Fondant or buttercream? How many flowers? Will the venue fit everyone? And of course, the age old question-which dress?
This is just a short list of dilemmas that circle the minds of brides as they plan for that magical day they have been dreaming of. The meticulous planning and mental breakdowns have been recorded on television and movies countless times for the entertainment purposes of the general audience. But this time, filmmaker Zara Afzal seeks to portray a very different dilemma of secret meetings and incredible heartache in her newest documentary, Hidden Heart.
It is not an easy task to bring home a significant other to receive the approval or disapproval of family members. For Zaynab (name has been changed in the documentary) and many other women in the Muslim community, it would be preferable to be “taken by the police.” Director of the film, Afzal explains in her interview with Women News Network, “by not respecting the taboo against interfaith and inter-cultural relationships, parents from a certain social standing may feel they have failed in their duty to raise their children within the faith and community. No child wants to be responsible for their parents’ failures, or be the failure.” Hence, living dual lives is a common occurrence as these women take careful measures to hide their relationships and lifestyles from their families–a large part due to their own sense of filial duty.
In many conservative Muslim communities, it is frowned upon for a woman to marry a non-Muslim man, also known as “marrying out.” Inspired by her personal experiences, Afzal spent three years researching interfaith/intercultural relationships within the Muslim community. Using her ten year history of filmmaking, she chronicles Zaynab, a second generation Muslim woman living in Britain, and others like her in their struggles of “marrying out”, highlighting the ostracism, shame, and pain they must endure because of the love they have for a person of a different, or “wrong” religion. “In making this film, the women I spoke with in inter-cultural and inter-faith relationships felt intense shame and guilt, and were quite fearful of being ostracized by their families or put in a position where they had to choose between their lover or their parents and siblings.”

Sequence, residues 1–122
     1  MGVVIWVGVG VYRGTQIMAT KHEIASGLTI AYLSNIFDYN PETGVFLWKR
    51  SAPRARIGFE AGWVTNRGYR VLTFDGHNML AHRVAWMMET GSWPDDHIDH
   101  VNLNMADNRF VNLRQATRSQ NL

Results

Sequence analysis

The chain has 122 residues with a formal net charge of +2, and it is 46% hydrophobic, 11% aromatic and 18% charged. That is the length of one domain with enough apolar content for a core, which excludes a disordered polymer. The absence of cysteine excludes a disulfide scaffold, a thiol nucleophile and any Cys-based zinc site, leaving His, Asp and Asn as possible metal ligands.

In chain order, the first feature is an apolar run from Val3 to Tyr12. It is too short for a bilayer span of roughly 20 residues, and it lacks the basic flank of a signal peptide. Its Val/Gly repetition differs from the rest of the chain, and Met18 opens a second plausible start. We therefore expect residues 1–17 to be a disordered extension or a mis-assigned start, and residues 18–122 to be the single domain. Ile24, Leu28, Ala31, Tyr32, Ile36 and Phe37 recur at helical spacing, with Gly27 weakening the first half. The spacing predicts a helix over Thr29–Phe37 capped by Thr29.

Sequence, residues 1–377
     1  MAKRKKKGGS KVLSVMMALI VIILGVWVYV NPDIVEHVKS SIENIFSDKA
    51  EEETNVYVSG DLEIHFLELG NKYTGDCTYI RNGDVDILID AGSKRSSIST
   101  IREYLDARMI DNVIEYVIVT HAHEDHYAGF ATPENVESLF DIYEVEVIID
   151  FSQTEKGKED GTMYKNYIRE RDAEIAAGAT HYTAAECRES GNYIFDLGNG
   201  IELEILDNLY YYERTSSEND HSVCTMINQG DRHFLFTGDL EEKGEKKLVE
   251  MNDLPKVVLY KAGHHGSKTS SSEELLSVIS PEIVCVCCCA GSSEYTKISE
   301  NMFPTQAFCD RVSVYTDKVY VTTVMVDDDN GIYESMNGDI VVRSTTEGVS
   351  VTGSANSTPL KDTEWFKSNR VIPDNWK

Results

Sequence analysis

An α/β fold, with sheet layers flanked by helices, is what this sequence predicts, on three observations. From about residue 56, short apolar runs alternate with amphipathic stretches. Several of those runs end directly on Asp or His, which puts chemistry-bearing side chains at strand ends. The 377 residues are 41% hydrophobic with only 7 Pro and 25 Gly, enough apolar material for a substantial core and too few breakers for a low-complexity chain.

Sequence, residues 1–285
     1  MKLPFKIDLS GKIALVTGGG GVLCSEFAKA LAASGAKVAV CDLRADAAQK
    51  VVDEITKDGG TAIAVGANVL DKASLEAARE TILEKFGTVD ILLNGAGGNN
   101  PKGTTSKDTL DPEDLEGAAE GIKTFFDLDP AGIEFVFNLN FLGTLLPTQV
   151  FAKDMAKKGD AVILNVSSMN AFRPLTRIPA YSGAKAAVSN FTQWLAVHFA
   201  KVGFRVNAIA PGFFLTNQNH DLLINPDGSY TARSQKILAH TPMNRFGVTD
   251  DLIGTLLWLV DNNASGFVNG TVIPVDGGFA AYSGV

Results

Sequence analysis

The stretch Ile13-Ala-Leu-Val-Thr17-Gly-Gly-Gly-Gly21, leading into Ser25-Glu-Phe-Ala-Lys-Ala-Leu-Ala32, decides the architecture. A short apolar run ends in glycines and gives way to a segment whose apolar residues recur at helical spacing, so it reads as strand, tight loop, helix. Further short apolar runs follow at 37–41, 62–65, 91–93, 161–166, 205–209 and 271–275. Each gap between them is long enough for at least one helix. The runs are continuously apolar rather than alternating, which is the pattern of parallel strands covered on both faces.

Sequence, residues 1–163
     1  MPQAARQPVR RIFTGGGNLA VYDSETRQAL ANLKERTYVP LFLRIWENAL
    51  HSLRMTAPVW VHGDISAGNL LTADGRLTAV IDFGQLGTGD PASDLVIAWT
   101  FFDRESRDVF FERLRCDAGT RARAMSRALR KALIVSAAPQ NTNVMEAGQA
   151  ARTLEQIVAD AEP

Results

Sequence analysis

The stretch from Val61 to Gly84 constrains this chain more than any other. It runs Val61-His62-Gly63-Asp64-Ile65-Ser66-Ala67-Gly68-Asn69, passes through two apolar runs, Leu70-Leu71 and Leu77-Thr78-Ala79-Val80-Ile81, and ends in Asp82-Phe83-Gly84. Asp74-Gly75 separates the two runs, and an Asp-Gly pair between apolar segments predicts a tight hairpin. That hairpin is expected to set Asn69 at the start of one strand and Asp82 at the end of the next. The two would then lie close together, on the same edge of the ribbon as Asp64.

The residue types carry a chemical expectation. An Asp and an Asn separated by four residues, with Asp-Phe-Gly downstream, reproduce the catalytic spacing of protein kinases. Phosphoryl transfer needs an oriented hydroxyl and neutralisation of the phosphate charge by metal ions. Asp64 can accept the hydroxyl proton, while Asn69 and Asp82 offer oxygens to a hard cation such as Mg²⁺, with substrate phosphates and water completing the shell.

The response has been mixed to say the least, especially within the Muslim community. Some hold that the documentary paints Islam in a negative light–contributing to the media portrayal of honor killings, forced marriages, and violence. Fanning to flame the stereotypic views that it claims to try to eliminate. Yet some organizations such as the Christian Muslim Forum and British Muslims for a Secular Democracy, have expressed their support for the film. However, at the end of the day, all Afzal wants to do is to spark an open dialogue and understanding of the trials these women face as well as to connect their experiences to the audience on a human level using love as the common denominator. “I believe the only way we can tackle issues of religious discrimination is by working on ourselves. When we can respect one another for who we are regardless of faith, race, gender and sexual orientation, the battle can be won.”